I saw on Ask this old house where they set a planter at the bottom, with the chain going in to it, and filled it with river stones. You could include in that a smaller pot with a trailing plant, like Asparagus Fern, to soften the look. The rain water went through the rocks and out several drainage holes drilled into the bottom of the big pot.
We’ve had them next to a porch, and splash wasn’t a problem. They do usually have gravel/rocks at the base and in the ground a French drain type tubing to direct the water away from the foundation a ft or two.
I was just going to suggest the very same thing. A rain chain and French drain, you most definitely want to divert that water far, far away from the house!
Just beautiful! I’ll bet your neighbors are happy too. Can you make that non-lattice trim to cover the concrete foundation out of that same plastic wood you used to trim your column bases?
I’d definitely use the PVC boards. I don’t think real wood would last long at all that close to the ground unless it’s pressure treated. But even then, it wouldn’t last as long as PVC.
That skirt idea is adorable…would be so cute at a beach cottage, where sand wouldn’t be a problem. But do you really want to clean dirt and leaves off/out of it? Hosing it off won’t be great if it just hits the dirt and splatters up mud. And the leaves will get stuck in the slats. Unless you have pebbles/stones covering the ground. But the leaves would still be an issue, no?
How would you attach the PVC to the concrete? I was thinking construction adhesive. Old concrete like that I would not want to drill into and cause more problems. Also how wide should the boards be? I was thinking 3″ or 4″, but perhaps best to mock some up with cardboard and see what looks best on your own porch.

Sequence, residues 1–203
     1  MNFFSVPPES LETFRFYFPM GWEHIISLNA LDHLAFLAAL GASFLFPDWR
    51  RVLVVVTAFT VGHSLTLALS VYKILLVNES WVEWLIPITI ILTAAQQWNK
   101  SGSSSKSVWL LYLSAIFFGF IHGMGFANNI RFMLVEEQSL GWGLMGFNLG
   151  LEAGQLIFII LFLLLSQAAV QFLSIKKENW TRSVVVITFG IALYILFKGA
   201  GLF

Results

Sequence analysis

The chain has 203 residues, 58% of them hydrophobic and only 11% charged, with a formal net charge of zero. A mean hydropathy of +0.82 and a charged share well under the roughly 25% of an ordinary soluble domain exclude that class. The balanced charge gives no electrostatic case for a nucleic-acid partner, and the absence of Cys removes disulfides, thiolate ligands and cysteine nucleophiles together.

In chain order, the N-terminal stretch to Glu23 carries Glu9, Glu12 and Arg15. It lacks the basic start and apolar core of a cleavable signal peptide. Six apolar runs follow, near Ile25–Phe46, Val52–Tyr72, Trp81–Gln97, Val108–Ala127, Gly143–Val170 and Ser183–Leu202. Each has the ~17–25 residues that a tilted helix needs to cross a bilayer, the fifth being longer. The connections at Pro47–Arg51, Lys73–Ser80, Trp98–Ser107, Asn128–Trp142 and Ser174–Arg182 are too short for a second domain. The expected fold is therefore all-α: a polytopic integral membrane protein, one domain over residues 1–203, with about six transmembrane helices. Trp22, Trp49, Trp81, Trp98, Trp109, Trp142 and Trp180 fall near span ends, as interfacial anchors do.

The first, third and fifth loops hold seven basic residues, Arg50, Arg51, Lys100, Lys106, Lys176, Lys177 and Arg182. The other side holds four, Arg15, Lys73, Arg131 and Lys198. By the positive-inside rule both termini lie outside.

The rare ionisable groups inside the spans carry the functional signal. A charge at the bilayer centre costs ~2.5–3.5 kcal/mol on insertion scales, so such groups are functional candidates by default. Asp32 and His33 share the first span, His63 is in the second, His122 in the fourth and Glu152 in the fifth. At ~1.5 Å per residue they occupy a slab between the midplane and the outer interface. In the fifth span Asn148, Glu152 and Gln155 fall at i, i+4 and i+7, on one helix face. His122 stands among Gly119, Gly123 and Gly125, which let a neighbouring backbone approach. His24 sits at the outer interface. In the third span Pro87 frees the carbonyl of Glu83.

you are really doing a great job. I love that you are doing the outside. I bet the neighbors compliment you !!
What a fantastic transformation! I can’t wait to see what you do next.
Wonderful job amazed at your work ethic.
On the side question, in one of the pictures I see little coloured flage, when on holiday in Florida we noticed them and assumed they mark cables or pipes, can you please tell.
I’m in the uk
Lez, the little flags are used to mark the utility lines like electrical, gas or cable before construction.
Yes, what Shannon said. 🙂 I’m planning to have a landscape pro come out very soon to come up with a plan for me, hopefully including an irrigation system. Any time you plan a project that will include digging, there’s a number you call and they’ll notify the various utility companies to come out and mark the lines for you. So far, they’ve marked the gas, sewer and water lines for me. I’m guessing that’s all of them, because they were supposed to all be marked by yesterday.
We’re in an old part of town. We don’t have underground electric lines. Our electric lines are all on poles about 20 feet high.
Thank you all. At one place we went through they all had the flags I fact so many we thought it was some sort of celebration lol.